Everyone (or nearly everyone) knows that William Shakespeare begged, borrowed, or stole plots and characters for most of his plays. His historical plays relied on Holinshed’s The Chronicles of England, Scotland and Ireland and Hall’s The Union of the Two Noble and Illustre Families of Lancaster and York, among others. His Roman plays drew from Plutarch, Livy, and others. The Merchant of Venice, Hamlet, and King Lear are new-and-improved versions of earlier plays. And so on. But did he write anything original?
Well, yes and no. Like any writer, especially those who face the pressure to regularly produce good material, he constantly drew from multiple sources, and was probably unaware at times of where a particular scene or line or word came from. But of his thirty-eight plays (more if you count Edward III or Arden of Faversham), four are generally thought to be original Shakespearean plots:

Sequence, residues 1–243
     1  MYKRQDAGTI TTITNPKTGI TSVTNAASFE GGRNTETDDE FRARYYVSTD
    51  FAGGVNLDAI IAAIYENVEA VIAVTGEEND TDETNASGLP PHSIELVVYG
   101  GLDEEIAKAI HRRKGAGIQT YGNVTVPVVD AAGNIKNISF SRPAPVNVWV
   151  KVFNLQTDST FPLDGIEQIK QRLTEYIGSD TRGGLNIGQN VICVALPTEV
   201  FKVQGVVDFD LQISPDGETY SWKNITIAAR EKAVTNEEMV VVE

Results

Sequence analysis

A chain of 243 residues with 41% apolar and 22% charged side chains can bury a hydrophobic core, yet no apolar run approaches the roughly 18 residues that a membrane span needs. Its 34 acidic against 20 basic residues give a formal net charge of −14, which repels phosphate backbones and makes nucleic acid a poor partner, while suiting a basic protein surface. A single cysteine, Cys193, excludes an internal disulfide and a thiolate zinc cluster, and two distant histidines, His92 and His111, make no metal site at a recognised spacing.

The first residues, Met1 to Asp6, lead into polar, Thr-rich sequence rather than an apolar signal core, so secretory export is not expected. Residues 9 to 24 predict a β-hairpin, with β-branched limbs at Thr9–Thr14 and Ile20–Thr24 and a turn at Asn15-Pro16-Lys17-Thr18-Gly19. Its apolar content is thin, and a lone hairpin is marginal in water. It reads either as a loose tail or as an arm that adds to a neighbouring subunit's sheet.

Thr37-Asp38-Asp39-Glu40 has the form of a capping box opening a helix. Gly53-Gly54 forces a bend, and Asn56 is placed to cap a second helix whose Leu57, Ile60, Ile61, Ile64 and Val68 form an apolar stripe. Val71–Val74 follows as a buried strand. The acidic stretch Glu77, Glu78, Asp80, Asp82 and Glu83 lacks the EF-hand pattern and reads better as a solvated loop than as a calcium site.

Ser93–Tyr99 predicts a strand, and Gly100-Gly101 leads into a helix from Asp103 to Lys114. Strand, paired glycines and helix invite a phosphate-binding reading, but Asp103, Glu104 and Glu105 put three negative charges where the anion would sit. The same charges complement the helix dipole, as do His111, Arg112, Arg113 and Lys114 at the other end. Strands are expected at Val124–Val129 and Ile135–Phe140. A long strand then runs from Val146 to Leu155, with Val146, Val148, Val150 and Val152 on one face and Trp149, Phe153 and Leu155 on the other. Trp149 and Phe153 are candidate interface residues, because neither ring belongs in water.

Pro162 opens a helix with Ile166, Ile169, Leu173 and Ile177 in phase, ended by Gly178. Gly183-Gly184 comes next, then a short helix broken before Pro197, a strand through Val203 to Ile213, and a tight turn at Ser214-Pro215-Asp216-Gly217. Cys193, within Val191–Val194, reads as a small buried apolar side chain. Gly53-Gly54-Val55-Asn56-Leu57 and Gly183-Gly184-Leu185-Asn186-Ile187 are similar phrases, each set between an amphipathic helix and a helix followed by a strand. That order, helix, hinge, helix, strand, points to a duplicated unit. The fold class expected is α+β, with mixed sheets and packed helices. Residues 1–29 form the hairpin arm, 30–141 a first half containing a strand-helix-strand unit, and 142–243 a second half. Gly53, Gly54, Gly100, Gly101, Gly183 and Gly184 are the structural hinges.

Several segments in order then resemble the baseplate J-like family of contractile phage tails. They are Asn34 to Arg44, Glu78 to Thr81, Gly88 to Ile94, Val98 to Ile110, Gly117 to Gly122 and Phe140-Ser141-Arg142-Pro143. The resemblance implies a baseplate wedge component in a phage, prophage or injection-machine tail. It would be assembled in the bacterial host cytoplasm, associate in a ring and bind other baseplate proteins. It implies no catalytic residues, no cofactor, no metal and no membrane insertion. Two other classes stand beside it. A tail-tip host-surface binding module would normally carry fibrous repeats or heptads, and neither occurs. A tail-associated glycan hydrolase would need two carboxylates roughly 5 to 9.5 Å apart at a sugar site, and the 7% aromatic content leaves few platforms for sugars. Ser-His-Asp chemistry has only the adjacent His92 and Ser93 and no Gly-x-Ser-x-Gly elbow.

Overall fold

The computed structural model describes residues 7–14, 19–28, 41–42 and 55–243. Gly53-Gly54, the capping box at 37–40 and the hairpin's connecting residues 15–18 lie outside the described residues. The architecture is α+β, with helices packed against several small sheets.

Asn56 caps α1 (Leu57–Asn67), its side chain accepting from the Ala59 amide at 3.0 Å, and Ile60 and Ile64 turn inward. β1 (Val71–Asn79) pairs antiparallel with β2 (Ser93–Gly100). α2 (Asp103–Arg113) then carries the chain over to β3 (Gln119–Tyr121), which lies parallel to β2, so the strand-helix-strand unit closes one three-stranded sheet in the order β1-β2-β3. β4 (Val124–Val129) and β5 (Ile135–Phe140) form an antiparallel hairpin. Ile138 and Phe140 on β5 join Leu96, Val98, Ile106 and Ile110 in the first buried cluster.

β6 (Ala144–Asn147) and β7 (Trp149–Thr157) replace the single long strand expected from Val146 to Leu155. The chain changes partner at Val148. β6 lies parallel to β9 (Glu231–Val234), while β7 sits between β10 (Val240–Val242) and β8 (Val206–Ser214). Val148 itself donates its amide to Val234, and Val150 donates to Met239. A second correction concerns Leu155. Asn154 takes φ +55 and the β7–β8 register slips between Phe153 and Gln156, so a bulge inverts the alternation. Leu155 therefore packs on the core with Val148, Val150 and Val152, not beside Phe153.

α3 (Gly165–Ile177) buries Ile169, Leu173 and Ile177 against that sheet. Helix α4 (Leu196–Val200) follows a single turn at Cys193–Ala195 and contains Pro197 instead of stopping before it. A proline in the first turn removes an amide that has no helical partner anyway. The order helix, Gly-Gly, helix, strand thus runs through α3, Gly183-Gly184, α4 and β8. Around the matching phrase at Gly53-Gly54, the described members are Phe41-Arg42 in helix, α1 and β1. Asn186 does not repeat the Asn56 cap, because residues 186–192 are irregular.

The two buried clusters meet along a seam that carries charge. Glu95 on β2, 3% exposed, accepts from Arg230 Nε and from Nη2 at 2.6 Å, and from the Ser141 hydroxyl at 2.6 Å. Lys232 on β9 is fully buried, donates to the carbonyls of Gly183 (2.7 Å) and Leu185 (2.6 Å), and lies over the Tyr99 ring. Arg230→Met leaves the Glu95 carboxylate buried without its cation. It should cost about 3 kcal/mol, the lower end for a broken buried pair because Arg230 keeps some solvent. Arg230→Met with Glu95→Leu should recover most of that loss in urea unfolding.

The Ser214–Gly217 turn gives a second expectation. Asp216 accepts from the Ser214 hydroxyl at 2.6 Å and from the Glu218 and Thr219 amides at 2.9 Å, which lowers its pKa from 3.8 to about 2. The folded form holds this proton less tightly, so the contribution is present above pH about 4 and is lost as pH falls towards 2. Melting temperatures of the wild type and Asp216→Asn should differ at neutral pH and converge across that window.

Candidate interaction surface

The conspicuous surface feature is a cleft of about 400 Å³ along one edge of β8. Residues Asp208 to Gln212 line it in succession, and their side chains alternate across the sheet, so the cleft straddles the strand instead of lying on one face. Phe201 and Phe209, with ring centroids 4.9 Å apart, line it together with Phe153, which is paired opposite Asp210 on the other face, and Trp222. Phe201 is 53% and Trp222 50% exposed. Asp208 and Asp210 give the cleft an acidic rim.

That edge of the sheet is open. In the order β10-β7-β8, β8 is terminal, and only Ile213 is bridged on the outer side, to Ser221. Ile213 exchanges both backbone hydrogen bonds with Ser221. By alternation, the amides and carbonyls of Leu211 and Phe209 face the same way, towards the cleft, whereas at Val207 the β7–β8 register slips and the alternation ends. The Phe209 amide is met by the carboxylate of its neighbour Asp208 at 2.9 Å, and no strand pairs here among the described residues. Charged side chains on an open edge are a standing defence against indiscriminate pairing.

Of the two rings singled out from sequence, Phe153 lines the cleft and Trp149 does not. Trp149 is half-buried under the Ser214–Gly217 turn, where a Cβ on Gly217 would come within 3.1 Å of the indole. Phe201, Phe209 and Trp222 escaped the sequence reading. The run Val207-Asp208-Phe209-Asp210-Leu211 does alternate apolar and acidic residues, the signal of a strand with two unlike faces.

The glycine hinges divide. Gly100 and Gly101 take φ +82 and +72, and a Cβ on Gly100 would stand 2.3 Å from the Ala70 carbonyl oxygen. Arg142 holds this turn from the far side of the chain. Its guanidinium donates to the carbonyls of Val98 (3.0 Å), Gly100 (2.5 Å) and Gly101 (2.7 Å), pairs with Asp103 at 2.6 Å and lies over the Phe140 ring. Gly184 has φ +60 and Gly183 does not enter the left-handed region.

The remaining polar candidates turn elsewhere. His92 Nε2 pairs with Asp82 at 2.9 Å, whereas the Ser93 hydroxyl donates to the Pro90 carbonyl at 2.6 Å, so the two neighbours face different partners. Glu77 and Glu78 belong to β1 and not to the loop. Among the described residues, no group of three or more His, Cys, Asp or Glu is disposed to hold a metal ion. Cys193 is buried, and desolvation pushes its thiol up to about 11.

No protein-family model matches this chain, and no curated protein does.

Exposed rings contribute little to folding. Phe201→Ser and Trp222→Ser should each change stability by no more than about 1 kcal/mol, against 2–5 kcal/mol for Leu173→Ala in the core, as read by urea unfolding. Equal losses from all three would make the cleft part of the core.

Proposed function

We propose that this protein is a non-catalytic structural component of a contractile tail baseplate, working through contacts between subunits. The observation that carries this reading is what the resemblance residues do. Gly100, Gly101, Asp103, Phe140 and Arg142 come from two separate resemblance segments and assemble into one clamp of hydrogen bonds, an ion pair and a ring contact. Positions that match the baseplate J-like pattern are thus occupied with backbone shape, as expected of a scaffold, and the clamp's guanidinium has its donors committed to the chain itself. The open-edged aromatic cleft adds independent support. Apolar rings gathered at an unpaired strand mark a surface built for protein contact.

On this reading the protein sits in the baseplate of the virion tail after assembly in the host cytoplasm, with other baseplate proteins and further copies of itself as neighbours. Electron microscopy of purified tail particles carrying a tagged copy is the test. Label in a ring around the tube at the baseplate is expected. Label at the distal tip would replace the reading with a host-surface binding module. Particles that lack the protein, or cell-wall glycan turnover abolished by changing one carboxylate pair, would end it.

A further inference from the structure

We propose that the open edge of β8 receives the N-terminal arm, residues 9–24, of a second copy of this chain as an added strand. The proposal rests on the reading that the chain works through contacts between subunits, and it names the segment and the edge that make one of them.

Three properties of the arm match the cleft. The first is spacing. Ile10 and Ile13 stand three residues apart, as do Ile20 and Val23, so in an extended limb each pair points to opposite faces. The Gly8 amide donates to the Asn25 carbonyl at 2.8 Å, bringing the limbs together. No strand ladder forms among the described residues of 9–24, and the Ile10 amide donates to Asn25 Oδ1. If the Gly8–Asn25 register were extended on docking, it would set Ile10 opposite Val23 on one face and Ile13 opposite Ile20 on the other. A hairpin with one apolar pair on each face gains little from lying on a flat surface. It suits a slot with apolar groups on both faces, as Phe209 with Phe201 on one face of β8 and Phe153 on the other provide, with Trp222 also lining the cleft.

Love’s Labour’s Lost (1594?)
A Midsummer Night’s Dream (1595)
The Merry Wives of Windsor (1597)
The Tempest (1611)
To modern readers and writers, four original plots out of thirty-eight may seem to be slim pickings, so to speak. But borrowing from others–even competitors–was the way things were done for the busy playwrights of Shakespeare’s day. And Shakespeare’s genius was not so much in creating new plots from scratch but in breathing new life into old stories and vastly improving everything he touched.